Why You Shouldn’t Store Sensitive Details in a Web Browser

It’s just as bad as reusing passwords

  • Multiple security vendors have detected the reemergence of the potent Emotet malware.
  • The new Emotet variant has a module designed to steal credit card information stored inside the Google Chrome browser.
  • Security experts use this opportunity to remind people not to store sensitive information in their web browsers.
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It might be convenient, but storing passwords and other sensitive information in your browser isn't a good idea, warn security experts.

Earlier this week, several security vendors caught wind of the reemergence of the dangerous Emotet botnet after it was taken down in a global operation involving multiple countries led by Europol, and the US, in 2021. In its breakdown of the new Emotet variant, Proofpoint observed that it includes a new module designed to extract credit card details stored in the victim's web browser. 

"To our surprise [the new Emotet botnet] was a credit card stealer that was solely targeting the Chrome browser," tweeted Proofpoint. "Once card details were collected, they were exfiltrated to [attack servers controlled by cybercriminals]."

Back From the Dead

Charles Everette, Director of Cyber Advocacy at Deep Instinct, told Lifewire over email that Emotet, one of the most prolific malware variants since 2014, now has quite a few new tricks and attack vectors in its arsenal.

"One of the more troubling behaviors that Deep Instinct threat researchers found was [Emotet's] increased effectiveness in collecting and utilizing stolen credentials," pointed out Everette.

Although Emotet still utilizes many of the same attack vectors it has previously exploited, Everette said these attacks are now more sophisticated, and some can even bypass standard security tools. 

"[Some of these attacks] are never-before-seen threats, meaning they are completely unknown," said Everett. "Combine that with their new obfuscation capabilities, [and features such as the] credit card harvesting capabilities from Chrome, means Emotet is a bigger threat than ever before."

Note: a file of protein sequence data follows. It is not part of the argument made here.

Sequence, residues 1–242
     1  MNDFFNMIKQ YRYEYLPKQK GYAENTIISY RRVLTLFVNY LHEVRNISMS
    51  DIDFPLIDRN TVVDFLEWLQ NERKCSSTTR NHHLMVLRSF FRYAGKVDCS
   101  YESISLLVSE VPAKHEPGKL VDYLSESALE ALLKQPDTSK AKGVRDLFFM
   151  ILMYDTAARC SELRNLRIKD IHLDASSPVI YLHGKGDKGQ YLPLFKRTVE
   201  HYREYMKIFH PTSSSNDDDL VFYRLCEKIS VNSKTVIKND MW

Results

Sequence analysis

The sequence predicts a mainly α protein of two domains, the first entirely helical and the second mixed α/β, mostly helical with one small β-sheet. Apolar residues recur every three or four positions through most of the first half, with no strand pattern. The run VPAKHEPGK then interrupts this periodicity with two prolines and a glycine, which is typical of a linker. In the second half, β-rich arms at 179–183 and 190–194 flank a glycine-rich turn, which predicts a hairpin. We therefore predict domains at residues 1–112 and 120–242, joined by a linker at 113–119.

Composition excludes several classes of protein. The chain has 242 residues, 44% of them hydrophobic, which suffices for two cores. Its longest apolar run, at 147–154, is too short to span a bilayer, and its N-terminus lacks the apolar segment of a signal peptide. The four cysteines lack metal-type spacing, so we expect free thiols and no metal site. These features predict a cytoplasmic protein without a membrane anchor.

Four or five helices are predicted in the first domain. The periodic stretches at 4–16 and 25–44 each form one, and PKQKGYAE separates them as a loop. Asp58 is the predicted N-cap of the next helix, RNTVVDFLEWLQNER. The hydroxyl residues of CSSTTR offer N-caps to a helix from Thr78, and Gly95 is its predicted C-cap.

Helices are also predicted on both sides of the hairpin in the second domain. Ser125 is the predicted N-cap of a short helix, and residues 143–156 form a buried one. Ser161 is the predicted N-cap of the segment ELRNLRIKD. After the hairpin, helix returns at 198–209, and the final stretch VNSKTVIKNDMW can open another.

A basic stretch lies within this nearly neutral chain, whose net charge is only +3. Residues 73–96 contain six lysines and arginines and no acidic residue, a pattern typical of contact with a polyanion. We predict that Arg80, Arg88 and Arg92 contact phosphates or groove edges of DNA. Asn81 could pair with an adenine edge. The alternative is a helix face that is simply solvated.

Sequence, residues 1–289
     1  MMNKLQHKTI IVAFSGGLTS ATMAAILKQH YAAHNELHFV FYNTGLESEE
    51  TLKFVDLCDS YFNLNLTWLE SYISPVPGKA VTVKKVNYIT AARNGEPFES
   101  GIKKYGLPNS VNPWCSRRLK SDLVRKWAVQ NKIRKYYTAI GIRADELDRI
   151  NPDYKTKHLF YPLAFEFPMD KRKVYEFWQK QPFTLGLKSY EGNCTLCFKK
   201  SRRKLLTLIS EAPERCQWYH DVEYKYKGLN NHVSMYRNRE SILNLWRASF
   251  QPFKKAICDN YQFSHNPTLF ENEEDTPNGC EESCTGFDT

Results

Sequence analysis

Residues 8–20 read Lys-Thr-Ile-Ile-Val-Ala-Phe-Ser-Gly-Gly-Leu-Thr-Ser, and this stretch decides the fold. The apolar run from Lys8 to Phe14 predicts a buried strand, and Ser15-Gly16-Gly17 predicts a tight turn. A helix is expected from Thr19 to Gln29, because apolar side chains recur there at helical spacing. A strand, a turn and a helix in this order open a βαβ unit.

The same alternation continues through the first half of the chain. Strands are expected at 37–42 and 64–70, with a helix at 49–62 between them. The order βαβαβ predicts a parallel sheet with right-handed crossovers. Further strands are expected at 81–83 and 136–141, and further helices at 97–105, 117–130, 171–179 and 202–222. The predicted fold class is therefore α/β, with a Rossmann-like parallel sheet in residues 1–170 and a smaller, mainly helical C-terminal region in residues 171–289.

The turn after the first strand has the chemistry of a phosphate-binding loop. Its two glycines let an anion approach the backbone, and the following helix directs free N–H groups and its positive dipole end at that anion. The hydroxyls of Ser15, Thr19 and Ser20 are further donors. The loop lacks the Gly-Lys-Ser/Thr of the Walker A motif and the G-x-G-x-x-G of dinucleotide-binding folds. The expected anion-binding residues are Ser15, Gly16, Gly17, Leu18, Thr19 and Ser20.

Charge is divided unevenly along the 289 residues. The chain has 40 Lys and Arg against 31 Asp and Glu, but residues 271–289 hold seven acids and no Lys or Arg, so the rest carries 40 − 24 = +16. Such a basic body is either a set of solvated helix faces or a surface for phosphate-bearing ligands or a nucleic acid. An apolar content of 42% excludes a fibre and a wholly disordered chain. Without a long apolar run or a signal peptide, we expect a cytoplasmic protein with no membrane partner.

The fact that the malware goes after Chrome, in particular, doesn't surprise Dahvid Schloss, Managing Lead, Offensive Security, at Echelon Risk + Cyber. In an email exchange with Lifewire, Schloss said the attack appears to exploit a long-standing issue in Chrome.

"It has been around for a very long time—2015 [was] the first time [I saw] an article written about it," said Schloss. "But chrome has refused to resolve it as they state it requires an attacker to already be on the machine to exploit."

Breaking down the issue, Schloss explained it exists because Chrome temporarily stores data, including passwords, within its allocated memory space in plain text. 

"If an attacker was able to [download] the memory into a file, they could parse the information to look for stored passwords as well as other interesting strings like, say, a credit card [number]," explained Schloss.

Easy to Identify

According to Deep Instinct, Emotet was prolific throughout 2019 and 2020, taking advantage of prevailing hot topics as a ruse to convince unsuspecting victims to open malicious phishing emails.

To help us identify a strategy to guard ourselves against the new Emotet variant, Pete Hay, Instructional Lead at cybersecurity testing and training company SimSpace, told Lifewire over email that the fact that even the new malware variant spreads through a series of spear-phishing email attacks is "oddly good news."

"Most people have become good at identifying emails that don't quite seem right," argued Hay. "The presence of archive files that are password protected, and email sender addresses that don't match the others in the email chain, are elements that should raise a significant red flag."

Red envelope representing a phishing email

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In essence, Hay believed being vigilant of all incoming emails should be enough to prevent the initial foothold the new Emotet variant needs to compromise computers. "As for the Emotet threat against Chrome specifically, switching to Brave or Firefox will eliminate that risk," added Hay.

Schloss, however, suggested that the best option for people to eliminate the risk of their browsers leaking passwords is to not save any sensitive information in these apps in the first place, even if they don't use Chrome. 

"[Instead, use] a strong third-party privilege information storage app like LastPass… [that] allows the user to securely store their passwords and credit card numbers, so they don't have to write or save them in vulnerable spots," advised Schloss.

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